Several times this summer, as with last summer lobsters, mussels, and clams are so much cheaper than beef. Twice, we’ve eaten mussels at prices that can’t be beaten, below $5/lb. Mussel Recipe
I rinse the mussels in cool tap water while I re-read the harvest tag. I like ‘em local. I’ll pick through for broken shells and little fellows that just don’t respond with a quick tap.
- Sauté onion diced (or shallot) in olive oil or butter
- Sauté garlic (quick-quick, 30 seconds!)
- White wine to the pan. Boil the harshness off for a minute or two. Before pouring the wine in the pan, taste it. It better be good enough to drink.
- Add a bit of water (measure?)
- Add mussels
- Steam covered until mussels open.
- Remove from heat immediately.
- Capture broth, reduce. Keep and freeze for later.
We throw two big bowls on the table. I serve the shellfish in porcelain and collect shells in a large metal bowl. This has nothing to do with the clambake, wealth, cities versus rural life or anything interesting. I live in a town where people come every summer for a clambake. You’ll not find anything more authentic in New England. Cooking goes on all day: half chickens, lobsters, clams, corn. The feast has been discovered by folk from neighboring states. They stand in line admiring the picture-card they see. The photo below was taken by my cell phone this summer at the clambake while I stood in line. It is untouched save the removal of meta-data. House Abutting Clambake
Sadly to our outta-state guests, this house doesn’t stand as a tribute for history. It is not a prop to be captured on a rural New England calendar. It is just another empty house in our town. The next pic does come from an occupied house. The gent within lives alone. If someone lived with him, a local governmental agency might claim a crime is being committed. The house’s wires date from WWII, the conditions are unclean, food is scarce and dirty dishes pile. If two people lived in the house, one would be charged with elder neglect or elder abuse. If one choses to live alone, so be it – we allow your conditions to be hazardous. Funny twist of the law.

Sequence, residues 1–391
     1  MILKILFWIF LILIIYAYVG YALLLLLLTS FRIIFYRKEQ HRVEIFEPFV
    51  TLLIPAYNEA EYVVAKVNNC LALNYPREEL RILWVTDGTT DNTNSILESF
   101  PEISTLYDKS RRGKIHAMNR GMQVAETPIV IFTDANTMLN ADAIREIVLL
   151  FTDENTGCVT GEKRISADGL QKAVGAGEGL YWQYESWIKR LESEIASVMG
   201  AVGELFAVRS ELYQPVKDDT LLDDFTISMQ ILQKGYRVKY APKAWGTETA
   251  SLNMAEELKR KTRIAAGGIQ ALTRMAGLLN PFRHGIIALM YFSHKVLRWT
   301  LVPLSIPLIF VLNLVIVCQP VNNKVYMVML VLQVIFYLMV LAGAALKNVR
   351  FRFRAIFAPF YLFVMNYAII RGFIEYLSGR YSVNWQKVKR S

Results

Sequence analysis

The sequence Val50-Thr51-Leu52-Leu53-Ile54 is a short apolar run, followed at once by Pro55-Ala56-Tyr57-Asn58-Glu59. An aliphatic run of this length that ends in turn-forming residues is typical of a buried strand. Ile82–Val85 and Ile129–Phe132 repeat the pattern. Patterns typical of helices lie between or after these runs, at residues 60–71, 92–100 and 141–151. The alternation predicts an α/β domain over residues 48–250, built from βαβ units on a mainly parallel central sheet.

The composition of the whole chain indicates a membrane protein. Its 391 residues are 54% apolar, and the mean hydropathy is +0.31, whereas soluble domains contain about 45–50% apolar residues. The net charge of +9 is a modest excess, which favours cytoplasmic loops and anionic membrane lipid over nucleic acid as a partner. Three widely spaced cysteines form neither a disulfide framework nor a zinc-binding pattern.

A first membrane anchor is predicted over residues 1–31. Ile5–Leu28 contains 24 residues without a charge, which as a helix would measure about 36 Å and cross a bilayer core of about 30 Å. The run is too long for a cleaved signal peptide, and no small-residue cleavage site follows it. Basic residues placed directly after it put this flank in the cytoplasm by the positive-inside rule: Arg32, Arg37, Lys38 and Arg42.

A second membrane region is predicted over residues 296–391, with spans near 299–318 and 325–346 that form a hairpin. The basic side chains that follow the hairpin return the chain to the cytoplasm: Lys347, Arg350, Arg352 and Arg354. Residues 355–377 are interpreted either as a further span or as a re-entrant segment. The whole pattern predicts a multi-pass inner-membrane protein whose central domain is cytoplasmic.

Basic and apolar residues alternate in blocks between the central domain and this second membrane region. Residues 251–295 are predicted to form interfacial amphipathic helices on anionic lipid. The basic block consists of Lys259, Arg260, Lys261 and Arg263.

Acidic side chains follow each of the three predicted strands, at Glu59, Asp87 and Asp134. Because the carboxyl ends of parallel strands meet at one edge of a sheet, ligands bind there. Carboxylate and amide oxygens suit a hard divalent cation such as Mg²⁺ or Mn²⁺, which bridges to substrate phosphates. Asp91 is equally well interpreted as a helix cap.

My mother reported that Boston laws required household to serve meat at least once per week to servants. Mussels, lobsters, and clams are not suitable for a robust diet. New Englanders used these products for fertilizer. Time have changed a bit. These foods top the hoity-toity list. People drive for hours for a great lobster, mussels on pasta, and a proper clambake. Here we eat lobsters for five-bucks a pound, mussels, and clams the same. These prices are a bit lower than the tourist areas that sit on the coast.
When working in Manhattan last year, I struggled to find seafood (no, not sushi). For me, seafood is a pile-o-seafood on a paper plate. It may come steamed, fried, or baked. The species swim or filter water near me. Manhattan is damn close to the water (oh, alright, it is an island surrounded by salt water). I couldn’t find a clam shack, a lobster shack, or a descent fried fish place. I found a few British “chip shops”. Beer-battered cod sated my immediate needs.
Standing in line at the clambake this summer, the New Yorkers near me discussed their desire to “get here” or “be here”. They see the post card standing before them wishing to step into it. They just need to fix it up a bit. Fixin’ it up may mean finding problems to feeding people affordably, horrible local wages, sparse jobs, and land prices young people can’t afford. Fixin’ it up may mean bringing a bit of New York right here.